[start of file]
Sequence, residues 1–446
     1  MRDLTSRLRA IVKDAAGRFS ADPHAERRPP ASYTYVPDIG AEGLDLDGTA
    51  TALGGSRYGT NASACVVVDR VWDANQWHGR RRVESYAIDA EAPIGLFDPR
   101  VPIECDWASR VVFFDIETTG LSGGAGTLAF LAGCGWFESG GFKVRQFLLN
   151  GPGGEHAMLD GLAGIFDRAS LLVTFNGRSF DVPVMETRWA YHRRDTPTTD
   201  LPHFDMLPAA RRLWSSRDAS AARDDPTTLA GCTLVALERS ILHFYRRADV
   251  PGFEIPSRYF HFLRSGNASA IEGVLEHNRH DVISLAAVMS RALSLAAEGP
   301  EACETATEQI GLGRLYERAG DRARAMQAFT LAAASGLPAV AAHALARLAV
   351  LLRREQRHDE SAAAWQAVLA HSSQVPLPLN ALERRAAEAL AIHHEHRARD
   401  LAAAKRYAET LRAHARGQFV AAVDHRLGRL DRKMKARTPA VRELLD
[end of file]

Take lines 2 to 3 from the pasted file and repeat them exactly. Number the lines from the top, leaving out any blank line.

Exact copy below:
     1  MRDLTSRLRA IVKDAAGRFS ADPHAERRPP ASYTYVPDIG AEGLDLDGTA
    51  TALGGSRYGT NASACVVVDR VWDANQWHGR RRVESYAIDA EAPIGLFDPR